While everyone is getting all worked-up about a possible keynote speech on September 12th and the possibility that Adobe is going to make a CS3 announcement with full Universal Binary real soon, I’m waxing enthusiastic about my new mouse. I’ve been complaining about my Logitech MX1000 for awhile. I like the mouse quite a bit, but I find it a bit bulky in my hand. The curve of the mouse is uncomfortable after long use and my hand is now a deformed claw, only useful for straining pasta. So, I was quite excited when Apple finally announced the arrival of the wireless, bluetooth Mighty Mouse, complete with LASER mechanism and little trackball doober on the top of it. Here are my impressions.
I’ve been using the mouse for about 5 days now. At first, I was shocked to discover that I would have to install the driver off the disc that came with it and REBOOT MY COMPUTER! I thought all Apple hardware was automagically detected and installed right out of the operating system, but not this little gem. It came on a disc and after rebooting my machine, costing me minutes of productivity while I restored my work-state in various applications, I was able to pair the mouse to my computer and was presented with the Mighty Mouse control panel. If it weren’t for the installing and rebooting, this little fella would’ve Just Worked™. But it didn’t and we’re not allowed to use that phrase. You’ll need OS X 10.4.6 or better to get all the features.
After cranking up the sensitivities for tracking speed, wheel scrolling and setting the right side of the mouse to be a “secondary click” (or “Right Click” if you’ve ever used a computer — or even Mouse Button 2) I was off to the races. First thoughts: hey, this isn’t very fast. I seemed to have to hurl my pointer around to get it across the screen on my G4 PowerBook. It isn’t quite as responsive as I’m used to. The tracking is reasonably smooth though and the networking seems fine.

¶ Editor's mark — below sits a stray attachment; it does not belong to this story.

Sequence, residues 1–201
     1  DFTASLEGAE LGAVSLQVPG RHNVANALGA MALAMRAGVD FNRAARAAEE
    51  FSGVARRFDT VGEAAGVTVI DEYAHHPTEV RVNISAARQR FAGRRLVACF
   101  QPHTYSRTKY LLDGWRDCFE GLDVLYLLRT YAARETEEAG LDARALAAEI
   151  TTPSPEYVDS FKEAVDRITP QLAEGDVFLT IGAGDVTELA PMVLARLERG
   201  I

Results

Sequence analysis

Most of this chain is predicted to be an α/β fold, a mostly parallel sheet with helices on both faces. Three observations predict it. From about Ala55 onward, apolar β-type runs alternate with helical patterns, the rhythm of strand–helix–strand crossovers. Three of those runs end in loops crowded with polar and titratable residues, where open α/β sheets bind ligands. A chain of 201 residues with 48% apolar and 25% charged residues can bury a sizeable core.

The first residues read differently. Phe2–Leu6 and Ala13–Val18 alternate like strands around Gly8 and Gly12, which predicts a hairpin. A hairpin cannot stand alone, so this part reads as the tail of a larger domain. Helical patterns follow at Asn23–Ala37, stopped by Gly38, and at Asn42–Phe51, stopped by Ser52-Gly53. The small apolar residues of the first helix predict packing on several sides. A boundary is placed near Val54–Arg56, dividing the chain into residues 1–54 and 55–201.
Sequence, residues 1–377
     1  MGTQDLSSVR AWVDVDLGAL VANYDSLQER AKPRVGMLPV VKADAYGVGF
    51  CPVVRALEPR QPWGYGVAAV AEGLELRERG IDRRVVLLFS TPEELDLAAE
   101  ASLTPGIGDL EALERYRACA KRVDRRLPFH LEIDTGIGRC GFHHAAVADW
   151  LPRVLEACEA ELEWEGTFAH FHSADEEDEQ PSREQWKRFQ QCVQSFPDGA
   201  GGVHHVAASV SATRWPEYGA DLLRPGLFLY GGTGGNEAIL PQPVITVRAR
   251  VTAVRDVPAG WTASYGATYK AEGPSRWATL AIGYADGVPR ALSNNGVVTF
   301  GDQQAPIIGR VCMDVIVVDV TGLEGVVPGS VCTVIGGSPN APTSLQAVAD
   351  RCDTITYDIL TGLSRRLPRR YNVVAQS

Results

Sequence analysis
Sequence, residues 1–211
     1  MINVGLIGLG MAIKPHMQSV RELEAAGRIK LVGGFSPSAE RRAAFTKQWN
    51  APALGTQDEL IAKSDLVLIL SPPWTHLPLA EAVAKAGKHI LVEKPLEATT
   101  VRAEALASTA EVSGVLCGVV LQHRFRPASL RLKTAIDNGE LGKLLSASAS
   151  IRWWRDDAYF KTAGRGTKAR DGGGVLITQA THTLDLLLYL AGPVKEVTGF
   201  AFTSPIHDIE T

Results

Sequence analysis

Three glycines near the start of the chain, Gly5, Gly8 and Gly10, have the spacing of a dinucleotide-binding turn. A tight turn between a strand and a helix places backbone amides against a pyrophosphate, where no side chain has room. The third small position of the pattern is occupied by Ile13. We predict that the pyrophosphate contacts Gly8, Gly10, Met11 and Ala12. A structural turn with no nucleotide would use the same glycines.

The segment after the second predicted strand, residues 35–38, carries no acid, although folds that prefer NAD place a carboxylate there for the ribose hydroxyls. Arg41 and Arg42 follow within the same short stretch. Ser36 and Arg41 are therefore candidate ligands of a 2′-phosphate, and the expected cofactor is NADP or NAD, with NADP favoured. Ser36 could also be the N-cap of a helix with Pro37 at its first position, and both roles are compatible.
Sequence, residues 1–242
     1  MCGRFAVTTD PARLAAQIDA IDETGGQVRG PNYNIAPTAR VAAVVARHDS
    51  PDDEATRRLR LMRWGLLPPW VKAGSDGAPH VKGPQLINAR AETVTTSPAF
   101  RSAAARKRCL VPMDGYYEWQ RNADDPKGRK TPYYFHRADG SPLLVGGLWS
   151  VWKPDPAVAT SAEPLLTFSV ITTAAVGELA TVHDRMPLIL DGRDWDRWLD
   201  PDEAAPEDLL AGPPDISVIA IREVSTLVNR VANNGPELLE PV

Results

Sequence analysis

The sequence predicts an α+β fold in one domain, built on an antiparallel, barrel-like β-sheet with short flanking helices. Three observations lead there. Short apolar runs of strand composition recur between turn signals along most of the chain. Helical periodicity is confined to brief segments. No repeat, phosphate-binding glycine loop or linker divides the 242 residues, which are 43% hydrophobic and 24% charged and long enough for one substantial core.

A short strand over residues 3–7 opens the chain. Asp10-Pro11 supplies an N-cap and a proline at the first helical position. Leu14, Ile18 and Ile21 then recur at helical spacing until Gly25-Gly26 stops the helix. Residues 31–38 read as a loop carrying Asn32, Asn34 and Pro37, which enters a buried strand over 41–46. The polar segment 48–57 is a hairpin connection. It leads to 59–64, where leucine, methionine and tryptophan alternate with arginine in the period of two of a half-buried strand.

Clicking requires a bit of care at first. Since there are no actual “buttons”, the switch is embedded in the base and the two halves are distinguished through an electro-static sensor on the surface akin to the one in the 3rd generation iPod, you have to lift you fingers off the front of the mouse if you want to do a right click. More than one and you get a left click. Middle clicking (button 3) is made easier by the tactile sensation from the ball. Again, the whole mouse clicks when you press on the ball.
This isn’t as annoying as it might sound. After a day of using it, clicking became pretty natural. The fourth button is a “squeeze” provided by two curved areas on the side. This is somewhat harder to do as it requires you to move your hand to do it and the switches feel somewhat stiff. It does seem easier than when I first got the mouse though and it might have just required a bit of breaking in. I have mine set to invoke Exposé.
Scrolling via the wheel is pretty slick though again, I would almost prefer a bit more sensitivity here. Especially for side-scrolling.
Overall, I like the mouse quite a bit, but it’s not perfect. I like the fact that it’s small enough to be portable but not too small that it’s a pain to use as my main mouse. I also like the lithium (disposable) batteries that came with it and an apparently long battery life. I’m still at full power after nearly a week. If I don’t get a couple of months out of them though, I’ll consider that a bit disappointing and costly. The Apple design is present in this device and it feels well built. The power switch includes a door that covers the laser sensor when not in use. I think I’ll give this 3.5/5 stars. Be warned though, if in a couple of months I have to replace the batteries, I’m going to lower this to a 3!